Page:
So in 1884, after a law was passed that drinking water had to be filtered, huge water tanks and filter beds were dug near the lake and a dozen men were employed at the improved water works. Filtering sand was dredged from the river, while coal brought in carts from canal barges was then taken away as ashes. By 1934, Oxford’s population had risen to over 80,000 and Hinksey could not supply enough water. It now all came from Swinford Water Works, 5 miles west of Oxford. The Water Committee handed over the lake, land, pumping station and filter beds for recreation. The pumping station is still South Oxford Community Centre; Hinksey Lake is popular for swans, fishing and junior rowers; the cooling pond is used by ducks, model boat enthusiasts and in cold winters, skaters; and Hinksey Park has tennis courts, football and a playground. 
The new diving board at Hinskey Pools, 1936. 
But best of all was the Jubilee Pools which opened in 1935, the 25th year of King George V’s reign. The filter beds were converted into three swimming pools and two changing rooms were built – one for men, one for women and children.  On the opening day, children from St Matthew’s Infant’s School were invited to sing to Alderman Brown, the Mayor of Oxford. ‘The Jubilee Pools had no fences around them, just the pools,’ recalled Peter Horwood one of the schoolboys. ‘You put your swimming costume on in the morning when you got up, go and have a swim, play in the fields out the back, then go and have another swim. It was all free.’ During the Second World War, the pools were closed and the RAF used them for dinghy and life-saving practice. After a drowning accident in 1958, fences were erected and adult swimmers charged 1 shilling (5p) and children sixpence (2p). Individual changing huts were also installed with a balcony above for spectators.
Hinksey Pools in 1965. copyright Oxfordshire County Council.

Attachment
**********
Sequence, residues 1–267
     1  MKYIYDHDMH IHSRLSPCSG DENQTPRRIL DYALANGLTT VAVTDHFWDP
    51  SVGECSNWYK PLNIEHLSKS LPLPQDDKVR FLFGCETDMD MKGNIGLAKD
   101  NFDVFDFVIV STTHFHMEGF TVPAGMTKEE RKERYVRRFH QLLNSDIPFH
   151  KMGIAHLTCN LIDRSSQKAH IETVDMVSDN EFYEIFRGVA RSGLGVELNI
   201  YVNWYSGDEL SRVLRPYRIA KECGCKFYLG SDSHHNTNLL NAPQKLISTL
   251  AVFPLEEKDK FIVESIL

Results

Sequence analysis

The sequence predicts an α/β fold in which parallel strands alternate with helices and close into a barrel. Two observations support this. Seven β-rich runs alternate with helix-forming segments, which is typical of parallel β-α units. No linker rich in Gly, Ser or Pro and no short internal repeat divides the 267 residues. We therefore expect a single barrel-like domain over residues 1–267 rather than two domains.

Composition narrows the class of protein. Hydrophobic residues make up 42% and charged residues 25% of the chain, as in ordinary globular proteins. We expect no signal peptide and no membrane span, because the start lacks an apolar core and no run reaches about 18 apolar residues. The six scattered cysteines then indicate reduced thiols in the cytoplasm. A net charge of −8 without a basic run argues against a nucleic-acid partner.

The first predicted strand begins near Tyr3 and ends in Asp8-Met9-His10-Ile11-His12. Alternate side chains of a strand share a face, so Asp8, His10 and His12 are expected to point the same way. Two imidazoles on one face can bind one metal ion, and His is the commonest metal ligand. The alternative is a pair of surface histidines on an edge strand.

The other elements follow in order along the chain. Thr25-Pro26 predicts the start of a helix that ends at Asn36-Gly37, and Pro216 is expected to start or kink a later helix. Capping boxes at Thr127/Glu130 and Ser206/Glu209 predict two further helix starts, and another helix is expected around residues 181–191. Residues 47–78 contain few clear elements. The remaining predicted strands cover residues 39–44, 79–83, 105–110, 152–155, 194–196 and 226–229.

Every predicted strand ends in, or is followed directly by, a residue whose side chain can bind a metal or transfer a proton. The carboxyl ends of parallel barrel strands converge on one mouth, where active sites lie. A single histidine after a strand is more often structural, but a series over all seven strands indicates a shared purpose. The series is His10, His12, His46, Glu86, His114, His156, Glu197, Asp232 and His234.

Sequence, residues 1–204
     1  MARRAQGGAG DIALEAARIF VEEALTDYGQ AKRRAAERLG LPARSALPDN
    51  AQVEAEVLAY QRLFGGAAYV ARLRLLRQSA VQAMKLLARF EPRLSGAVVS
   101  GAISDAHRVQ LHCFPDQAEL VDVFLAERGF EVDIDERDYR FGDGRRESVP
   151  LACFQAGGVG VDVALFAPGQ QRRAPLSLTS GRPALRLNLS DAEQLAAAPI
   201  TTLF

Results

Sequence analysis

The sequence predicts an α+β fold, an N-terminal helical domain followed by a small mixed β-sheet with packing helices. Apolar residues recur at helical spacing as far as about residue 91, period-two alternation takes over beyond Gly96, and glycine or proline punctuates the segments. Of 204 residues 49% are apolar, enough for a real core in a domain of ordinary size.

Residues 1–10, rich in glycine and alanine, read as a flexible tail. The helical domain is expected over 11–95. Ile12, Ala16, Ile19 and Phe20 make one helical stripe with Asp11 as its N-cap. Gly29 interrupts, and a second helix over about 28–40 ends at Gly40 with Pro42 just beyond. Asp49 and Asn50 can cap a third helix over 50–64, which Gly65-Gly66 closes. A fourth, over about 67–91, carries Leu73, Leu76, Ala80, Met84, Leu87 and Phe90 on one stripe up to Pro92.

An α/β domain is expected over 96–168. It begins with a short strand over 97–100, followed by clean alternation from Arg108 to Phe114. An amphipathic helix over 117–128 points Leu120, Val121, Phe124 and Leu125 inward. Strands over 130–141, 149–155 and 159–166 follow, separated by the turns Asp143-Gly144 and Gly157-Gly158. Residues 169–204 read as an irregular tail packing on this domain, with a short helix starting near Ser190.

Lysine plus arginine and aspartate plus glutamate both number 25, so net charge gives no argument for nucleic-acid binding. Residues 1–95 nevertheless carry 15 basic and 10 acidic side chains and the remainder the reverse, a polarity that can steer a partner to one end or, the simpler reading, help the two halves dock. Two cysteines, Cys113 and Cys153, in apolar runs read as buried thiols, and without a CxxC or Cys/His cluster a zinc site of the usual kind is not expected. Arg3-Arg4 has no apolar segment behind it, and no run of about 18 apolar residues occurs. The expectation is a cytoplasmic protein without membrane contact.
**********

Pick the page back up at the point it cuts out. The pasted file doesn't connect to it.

In 1960 a roof top café opened, but by 1990 the season lasted only 6 weeks and the pool closed in 1994 when the filter system broke down. 
Hinksey Pool by Bruno Guastalla, in 1994.
Bob Price is retiring this May after 35 years as Labour Councillor for Hinksey Park ward. He told me that his proudest achievement has been the refurbishment of Hinksey Pool. Since it reopened in 1997, two of the filter pools have been filled in and grassed over for sunbathing, the heated pool (temp 25oC) now has a shallow area for children and a deeper section for serious swimmers, clean individual changing rooms, hot showers, and on sunny days a café serving cappuccino, panini and ice cream. On cold days, the pool steams and swimmers are rewarded with free hot chocolate. When the moon is full the pool stays open until midnight. Bliss. 
Clean, warm water now greets swimmers whatever the weather.
www.janiehampton.co.uk

http://www.fusion-lifestyle.com/centres/hinksey-outdoor-pool
http://lizwoolley.co.uk/
www.southoxford.org/local history
The Changing Faces of South Oxford and South Hinksey, Book 2, Carole Newbigging, Robert Boyd Publishing, 1999.



3 comments:

Susan Price said...

Wish I lived nearer Oxford! The pool sounds fabulous.

Sue Purkiss said...

This sounds such a lovely pool it would even get me swimming if I lived near enough!

carol drinkwater said...

I used to swim all year round up at the Ladies Pond on Hampstead Heath. I love swimming and swimming in England can be an invigorating experience particularly in winter. Next time I am in Oxford I will bring my bathing costume.